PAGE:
Are you considering becoming a permanent resident of the United States? As we know, the U.S. is also a land of many opportunities, which is why many non-residents want to get citizenship in the USA. If so, you may be wondering if you should apply for a green card or citizenship. Along with some similarities, there are some key differences. This blog post will explore those differences and help you decide which option is right for you. Let’s discuss the details of a Green card vs citizenship.
The Difference between U.S. Green Card And U.S. Citizenship
Citizen definition is a person owing permanent allegiance to a state or a nation member. The person owes allegiance to the country and is responsible for its protection. A green card is like a permit that allows foreign citizens to live and work in the United States indefinitely. Once you have got your green card for five years, you can apply for U.S. citizenship.
The process of applying for citizenship varies based on several factors, including whether or not you’ve ever had a green card canceled or your current age. Suppose you have an interest in applying for U.S. citizenship. In that case, you must contact the right immigration attorney as soon as possible so they can guide you through the application process. They will ensure everything to complete the procedure correctly.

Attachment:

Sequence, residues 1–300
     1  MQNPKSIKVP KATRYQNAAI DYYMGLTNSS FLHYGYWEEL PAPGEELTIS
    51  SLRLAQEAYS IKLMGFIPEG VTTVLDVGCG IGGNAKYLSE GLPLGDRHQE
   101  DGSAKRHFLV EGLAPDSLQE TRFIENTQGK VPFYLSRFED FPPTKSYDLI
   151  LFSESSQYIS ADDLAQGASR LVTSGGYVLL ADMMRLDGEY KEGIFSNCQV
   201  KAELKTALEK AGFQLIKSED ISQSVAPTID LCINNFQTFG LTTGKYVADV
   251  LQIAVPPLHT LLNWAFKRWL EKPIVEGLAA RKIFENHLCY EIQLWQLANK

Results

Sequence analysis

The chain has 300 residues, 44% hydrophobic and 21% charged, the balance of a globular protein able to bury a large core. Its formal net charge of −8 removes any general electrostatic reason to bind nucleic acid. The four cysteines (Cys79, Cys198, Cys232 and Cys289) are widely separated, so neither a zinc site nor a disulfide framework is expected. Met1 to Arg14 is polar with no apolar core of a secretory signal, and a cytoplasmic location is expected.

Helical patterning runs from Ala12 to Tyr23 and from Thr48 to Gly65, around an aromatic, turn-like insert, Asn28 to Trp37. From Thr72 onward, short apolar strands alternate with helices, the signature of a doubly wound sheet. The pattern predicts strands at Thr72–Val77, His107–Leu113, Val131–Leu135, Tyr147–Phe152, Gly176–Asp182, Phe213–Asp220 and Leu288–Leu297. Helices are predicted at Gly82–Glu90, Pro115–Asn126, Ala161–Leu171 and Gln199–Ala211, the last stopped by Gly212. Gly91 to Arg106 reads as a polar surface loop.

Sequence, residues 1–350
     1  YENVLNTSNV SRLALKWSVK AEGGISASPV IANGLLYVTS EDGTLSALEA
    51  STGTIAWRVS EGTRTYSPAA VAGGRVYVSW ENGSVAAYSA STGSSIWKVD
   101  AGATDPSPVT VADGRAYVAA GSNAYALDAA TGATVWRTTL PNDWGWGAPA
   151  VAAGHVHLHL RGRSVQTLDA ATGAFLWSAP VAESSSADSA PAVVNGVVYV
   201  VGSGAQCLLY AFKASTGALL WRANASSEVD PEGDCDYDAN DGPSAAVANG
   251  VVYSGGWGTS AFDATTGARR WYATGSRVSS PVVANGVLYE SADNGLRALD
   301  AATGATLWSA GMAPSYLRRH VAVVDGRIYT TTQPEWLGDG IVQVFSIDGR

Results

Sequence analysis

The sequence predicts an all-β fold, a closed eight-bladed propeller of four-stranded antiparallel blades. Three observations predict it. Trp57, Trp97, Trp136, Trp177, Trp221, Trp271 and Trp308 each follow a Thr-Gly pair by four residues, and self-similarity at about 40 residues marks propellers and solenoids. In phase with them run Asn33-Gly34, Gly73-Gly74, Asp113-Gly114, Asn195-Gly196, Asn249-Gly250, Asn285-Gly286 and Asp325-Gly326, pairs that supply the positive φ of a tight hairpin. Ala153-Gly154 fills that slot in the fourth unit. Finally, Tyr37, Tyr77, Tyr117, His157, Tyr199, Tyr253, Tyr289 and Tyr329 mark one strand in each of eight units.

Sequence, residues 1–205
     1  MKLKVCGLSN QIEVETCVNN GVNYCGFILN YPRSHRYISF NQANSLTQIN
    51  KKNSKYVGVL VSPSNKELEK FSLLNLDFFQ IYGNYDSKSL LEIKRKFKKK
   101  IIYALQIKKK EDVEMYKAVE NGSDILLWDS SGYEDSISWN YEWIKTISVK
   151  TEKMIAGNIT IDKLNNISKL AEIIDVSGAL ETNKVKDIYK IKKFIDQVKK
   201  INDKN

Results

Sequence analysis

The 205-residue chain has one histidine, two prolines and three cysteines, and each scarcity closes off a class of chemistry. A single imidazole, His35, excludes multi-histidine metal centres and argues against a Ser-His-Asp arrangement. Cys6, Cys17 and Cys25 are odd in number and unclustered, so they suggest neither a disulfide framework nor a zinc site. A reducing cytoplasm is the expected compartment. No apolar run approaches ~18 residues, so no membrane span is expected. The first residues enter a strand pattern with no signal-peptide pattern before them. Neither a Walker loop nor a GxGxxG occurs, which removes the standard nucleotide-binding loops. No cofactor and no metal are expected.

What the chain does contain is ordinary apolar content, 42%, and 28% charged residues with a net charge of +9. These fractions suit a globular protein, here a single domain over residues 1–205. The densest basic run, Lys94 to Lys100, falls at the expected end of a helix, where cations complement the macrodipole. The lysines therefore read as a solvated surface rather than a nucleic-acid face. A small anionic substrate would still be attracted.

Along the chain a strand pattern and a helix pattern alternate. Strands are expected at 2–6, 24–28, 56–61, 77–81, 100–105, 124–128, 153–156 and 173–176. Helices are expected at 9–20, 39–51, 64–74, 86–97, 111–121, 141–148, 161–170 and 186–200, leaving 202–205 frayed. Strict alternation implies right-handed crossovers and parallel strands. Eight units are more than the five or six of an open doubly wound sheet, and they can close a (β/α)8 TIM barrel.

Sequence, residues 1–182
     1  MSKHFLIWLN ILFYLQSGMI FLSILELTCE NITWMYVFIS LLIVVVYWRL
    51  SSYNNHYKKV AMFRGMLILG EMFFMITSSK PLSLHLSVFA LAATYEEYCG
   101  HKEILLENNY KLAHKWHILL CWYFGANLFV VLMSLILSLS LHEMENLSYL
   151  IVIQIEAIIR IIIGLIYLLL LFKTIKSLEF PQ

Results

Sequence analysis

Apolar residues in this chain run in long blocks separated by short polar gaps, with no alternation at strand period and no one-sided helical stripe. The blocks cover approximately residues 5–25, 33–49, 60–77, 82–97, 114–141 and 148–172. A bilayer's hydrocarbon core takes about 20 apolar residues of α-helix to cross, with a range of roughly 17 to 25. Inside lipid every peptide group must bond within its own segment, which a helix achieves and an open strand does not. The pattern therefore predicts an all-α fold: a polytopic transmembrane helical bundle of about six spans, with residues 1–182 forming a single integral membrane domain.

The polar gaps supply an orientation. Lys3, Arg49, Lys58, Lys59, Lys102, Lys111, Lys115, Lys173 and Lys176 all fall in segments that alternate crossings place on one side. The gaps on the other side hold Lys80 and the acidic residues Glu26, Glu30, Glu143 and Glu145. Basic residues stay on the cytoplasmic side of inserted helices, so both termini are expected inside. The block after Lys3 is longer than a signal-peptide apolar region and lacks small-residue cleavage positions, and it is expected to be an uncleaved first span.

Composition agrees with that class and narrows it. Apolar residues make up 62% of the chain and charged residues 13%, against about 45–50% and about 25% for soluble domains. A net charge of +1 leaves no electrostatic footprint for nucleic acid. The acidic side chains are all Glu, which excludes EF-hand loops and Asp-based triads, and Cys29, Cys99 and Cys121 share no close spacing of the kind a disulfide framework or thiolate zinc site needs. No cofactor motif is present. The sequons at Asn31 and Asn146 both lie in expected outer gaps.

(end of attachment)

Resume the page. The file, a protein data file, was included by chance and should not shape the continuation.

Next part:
Green Card and Citizenship Similarities
There are two key similarities between green cards and citizenship: Many of the rights, benefits, and protections that come with a U.S. green card apply to citizens as well. For example, you can petition for certain family members to live in the U.S., regardless of whether you have a green card or not.
You may be eligible for financial aid to attend college or university. Also, you can even buy a car! However, you need to pay taxes on your income. It is beneficial no matter if you have citizenship or not. Just like green card holders, U.S. citizens may sponsor certain family members so they can also come and live in the country.
Green Card vs Citizenship – Which One Should You Apply For?
As per rules, it is always a good idea to apply for a green card before applying for U.S. citizenship. That is because the process of obtaining a green card typically takes less time than becoming a citizen, and you can enjoy all of the benefits that come with being a permanent resident. At the same time, your application moves through the system.
In addition, if you have not yet lived in the United States for a full five years on your green card, it’s a good idea to hold off becoming a citizen until after this period is over.
That way, you can avoid being penalized by potentially having to pay taxes on the entirety of your income earned during those first five years. As a permanent resident, you must pay taxes on any income earned within the United States. But as a citizen, you are responsible for paying taxes on your worldwide income.
In some cases, if too much time has passed since you obtained your green card and it has been less than five years since your taxes were filed, you may be required to amend taxes and possibly pay penalties. In this case, it’s best to contact an immigration lawyer who can offer you advice and guidance on how to proceed.